The Story So Far…
Selected Indigenous works from the Moreland Art Collection
Curated by Kate ten Buuren
In conjunction with NAIDOC week the Counihan
Gallery In Brunswick presents the works of over
20 Indigenous and Torres Strait Islander artists
from the Moreland Art Collection. The exhibition
is curated by Kate ten Buuren, with a written
response from researcher, writer and storyteller
Genevieve Grieves. The exhibition includes the
premiere of three new commissions from Destiny
Deacon, Dianne Jones and Peter Waples-Crowe.
Artists also include Maree Clarke, Fiona Foley, Ben
McKeown, Mandy Nicholson and Christian Thompson.
The exhibition is accompanied by a FREE PUBLIC PROGRAM programmed by writer and activist Nayuka Gorrie.
Writers Program celebration with readings
Saturday 22 July, 2 – 4 pm
This event celebrates the works of the emerging First Nations writers featured in The Story So Far... catalogue developed as part of the exhibition Writers Program designed by Nayuka Gorrie, and facilitated by Nayuka and Genevieve Grieves.
The afternoon will include readings from program participants Laniyuk Garcon-Mills, Paul Gorrie and Torie McWilliams-Murray and also feature a DJ Set from Paul Gorrie.
Genevieve Grieves is Worimi and has lived on Kulin country in Melbourne for many years. She is an educator, curator, filmmaker, artist and oral historian who has accumulated nearly twenty years experience in the arts and culture industries. Some of her projects include the documentary, Lani’s Story; the video installation, lament; and, she was the Lead Curator of the internationally award-winning First Peoples exhibition at the Melbourne Museum. Genevieve currently teaches at the University of Melbourne and undertaking her PhD there in arts, memorialisation and violence.
Nayuka Gorrie is a Kurnai, Gunditjmara, Wiradjuri and Yorta Yorta woman. Nayuka works with young Aboriginal and/or Torres Strait Islander people at the National Indigenous Youth Leadership Academy. She is passionate about Indigenous rights and self-determination and the rights of women.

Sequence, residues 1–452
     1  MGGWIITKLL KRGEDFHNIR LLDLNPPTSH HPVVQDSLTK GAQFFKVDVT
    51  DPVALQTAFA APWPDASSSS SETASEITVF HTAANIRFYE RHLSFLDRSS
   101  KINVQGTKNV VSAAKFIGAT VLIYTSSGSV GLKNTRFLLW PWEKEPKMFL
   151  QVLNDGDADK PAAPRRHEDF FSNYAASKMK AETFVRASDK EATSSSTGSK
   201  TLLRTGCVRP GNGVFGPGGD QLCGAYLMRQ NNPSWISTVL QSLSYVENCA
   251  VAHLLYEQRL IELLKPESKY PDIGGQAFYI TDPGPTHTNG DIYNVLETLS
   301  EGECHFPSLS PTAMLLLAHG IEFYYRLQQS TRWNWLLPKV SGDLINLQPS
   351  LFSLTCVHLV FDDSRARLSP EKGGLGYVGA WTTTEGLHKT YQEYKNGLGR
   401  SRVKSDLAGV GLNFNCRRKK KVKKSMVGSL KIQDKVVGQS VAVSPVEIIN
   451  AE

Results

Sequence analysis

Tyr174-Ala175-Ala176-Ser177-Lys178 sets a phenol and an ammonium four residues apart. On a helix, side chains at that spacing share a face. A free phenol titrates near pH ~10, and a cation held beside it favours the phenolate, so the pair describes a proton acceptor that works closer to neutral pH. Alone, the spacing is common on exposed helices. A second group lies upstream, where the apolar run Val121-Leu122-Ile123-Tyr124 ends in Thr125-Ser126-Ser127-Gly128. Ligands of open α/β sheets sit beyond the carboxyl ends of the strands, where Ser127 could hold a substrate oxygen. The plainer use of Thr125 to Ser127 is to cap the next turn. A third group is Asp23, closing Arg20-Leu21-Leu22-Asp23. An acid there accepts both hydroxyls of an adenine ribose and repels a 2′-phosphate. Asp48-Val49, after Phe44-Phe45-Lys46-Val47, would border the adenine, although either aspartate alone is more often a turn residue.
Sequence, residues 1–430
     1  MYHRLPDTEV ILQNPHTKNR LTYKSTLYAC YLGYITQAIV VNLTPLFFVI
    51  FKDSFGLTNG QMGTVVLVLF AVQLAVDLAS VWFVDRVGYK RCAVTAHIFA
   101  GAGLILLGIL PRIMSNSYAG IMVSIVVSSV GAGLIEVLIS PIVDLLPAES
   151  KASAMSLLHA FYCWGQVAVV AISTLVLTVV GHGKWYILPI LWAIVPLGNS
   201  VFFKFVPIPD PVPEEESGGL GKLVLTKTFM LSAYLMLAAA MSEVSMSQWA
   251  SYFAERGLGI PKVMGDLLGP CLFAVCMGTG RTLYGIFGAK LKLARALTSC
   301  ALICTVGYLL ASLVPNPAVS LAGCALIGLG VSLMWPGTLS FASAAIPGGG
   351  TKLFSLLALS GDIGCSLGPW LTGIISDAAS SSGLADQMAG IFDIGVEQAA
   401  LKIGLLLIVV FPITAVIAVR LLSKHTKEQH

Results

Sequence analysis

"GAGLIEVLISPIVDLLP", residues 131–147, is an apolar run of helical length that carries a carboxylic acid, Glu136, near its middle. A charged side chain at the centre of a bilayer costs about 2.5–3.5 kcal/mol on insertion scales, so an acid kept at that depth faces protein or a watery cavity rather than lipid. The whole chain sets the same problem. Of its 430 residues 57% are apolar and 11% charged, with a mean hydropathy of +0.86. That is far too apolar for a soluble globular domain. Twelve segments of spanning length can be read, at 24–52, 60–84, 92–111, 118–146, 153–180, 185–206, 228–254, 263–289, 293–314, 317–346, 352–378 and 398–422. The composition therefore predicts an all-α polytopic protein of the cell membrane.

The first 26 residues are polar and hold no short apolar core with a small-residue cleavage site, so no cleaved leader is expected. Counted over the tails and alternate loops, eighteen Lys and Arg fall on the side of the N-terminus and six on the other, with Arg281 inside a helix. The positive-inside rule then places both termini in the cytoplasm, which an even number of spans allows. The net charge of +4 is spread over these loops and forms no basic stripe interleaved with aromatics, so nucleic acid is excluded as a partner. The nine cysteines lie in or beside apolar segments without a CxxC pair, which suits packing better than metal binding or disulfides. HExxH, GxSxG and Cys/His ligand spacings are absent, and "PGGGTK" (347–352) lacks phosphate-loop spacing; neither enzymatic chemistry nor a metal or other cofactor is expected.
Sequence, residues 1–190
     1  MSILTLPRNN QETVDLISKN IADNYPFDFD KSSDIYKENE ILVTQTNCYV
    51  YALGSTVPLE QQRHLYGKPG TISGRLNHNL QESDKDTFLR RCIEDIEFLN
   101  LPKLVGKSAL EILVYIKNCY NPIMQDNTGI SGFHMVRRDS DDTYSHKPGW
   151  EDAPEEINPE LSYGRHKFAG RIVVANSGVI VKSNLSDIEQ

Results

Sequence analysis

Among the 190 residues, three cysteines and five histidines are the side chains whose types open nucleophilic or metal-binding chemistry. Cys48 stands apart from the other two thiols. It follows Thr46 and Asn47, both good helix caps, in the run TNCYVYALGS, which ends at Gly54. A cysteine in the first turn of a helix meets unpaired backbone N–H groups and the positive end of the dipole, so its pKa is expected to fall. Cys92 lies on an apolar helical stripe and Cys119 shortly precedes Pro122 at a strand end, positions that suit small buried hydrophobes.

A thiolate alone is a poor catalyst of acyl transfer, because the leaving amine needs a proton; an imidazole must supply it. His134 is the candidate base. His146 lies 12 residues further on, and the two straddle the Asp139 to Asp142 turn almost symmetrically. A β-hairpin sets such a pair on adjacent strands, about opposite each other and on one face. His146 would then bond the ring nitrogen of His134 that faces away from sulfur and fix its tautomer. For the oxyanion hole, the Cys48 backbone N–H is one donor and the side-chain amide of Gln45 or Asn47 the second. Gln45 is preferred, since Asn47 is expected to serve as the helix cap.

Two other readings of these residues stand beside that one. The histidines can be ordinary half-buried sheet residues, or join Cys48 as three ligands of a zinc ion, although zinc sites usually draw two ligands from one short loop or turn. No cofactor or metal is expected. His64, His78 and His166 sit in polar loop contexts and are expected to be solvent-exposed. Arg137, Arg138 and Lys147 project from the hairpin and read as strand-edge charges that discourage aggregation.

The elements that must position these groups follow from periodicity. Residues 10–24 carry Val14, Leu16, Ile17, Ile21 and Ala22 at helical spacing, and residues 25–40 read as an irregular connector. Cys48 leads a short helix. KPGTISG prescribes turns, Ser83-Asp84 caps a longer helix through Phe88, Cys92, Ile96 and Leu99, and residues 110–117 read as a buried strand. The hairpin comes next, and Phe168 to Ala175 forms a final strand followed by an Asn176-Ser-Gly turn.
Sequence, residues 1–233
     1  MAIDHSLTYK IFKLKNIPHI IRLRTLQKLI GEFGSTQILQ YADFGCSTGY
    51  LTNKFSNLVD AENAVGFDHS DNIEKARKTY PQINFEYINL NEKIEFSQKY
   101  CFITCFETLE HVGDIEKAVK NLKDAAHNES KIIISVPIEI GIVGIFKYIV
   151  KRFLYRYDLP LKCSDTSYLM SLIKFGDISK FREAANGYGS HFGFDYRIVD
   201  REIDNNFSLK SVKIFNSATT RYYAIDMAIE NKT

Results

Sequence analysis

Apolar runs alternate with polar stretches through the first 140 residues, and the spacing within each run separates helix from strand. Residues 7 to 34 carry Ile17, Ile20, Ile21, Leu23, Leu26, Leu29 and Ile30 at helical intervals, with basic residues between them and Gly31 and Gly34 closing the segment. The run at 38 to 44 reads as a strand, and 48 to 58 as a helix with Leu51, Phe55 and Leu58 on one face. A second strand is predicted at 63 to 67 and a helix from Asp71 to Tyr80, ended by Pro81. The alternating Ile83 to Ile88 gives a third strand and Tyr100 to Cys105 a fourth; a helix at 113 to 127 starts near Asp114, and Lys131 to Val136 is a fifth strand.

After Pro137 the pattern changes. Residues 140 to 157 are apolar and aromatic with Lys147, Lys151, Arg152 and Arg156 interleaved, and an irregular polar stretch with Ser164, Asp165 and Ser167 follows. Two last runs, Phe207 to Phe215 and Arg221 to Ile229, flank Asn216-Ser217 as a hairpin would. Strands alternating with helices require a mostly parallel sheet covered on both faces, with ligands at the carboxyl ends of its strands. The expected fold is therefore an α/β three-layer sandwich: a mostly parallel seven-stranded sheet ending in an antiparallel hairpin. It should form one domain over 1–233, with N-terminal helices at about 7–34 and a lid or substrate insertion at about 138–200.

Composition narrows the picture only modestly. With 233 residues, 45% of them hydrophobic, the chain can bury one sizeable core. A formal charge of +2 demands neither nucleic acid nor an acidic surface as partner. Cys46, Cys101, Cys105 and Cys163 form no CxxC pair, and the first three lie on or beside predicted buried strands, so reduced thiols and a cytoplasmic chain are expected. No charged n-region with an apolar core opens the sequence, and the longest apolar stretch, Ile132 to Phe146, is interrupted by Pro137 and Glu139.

Art and Ancestral Belongings:
A conversation about First People’s Archives
Featuring Kimberley Moulton and Kate ten Buuren
Wednesday 26 July, 6.30 – 8 pm
Join Curator of The Story So Far… Kate ten Buuren and Melbourne Museum’s Senior Curator of Southeastern Australia Aboriginal Collections, Kimberley Moulton in discussing the past, present and future of collecting, maintaining and exhibiting First People’s artworks and objects in public collections.
Kate ten Buuren is a Taungurung emerging curator, artist and the founder of this mob, a collective dedicated to empowering the next generation of influential blak artists and creators. ten Buuren examines past and current artistic climates, finding ways to weave in new narratives that explore blakness, politics, institutional critique and language, to centralise Aboriginal and Torres Strait Islander knowledge systems, practices and values.
Kimberley Moulton is a proud Yorta-Yorta woman and the Senior Curator of South Eastern Aboriginal Collections, Melbourne Museum. Kimberley has a Bachelor of Arts from Monash University and is currently completing post-graduate studies at the University of Melbourne. Her curatorial and writing practice is focused on contemporary Indigenous art, museology, Aboriginal self-representation in the sector.
Fiona Foley, Nulla 4 eva III,
2009. Ultrachrome print on
Hahnemühle pale, 120 x 180 cm.
Courtesy the artist and Niagara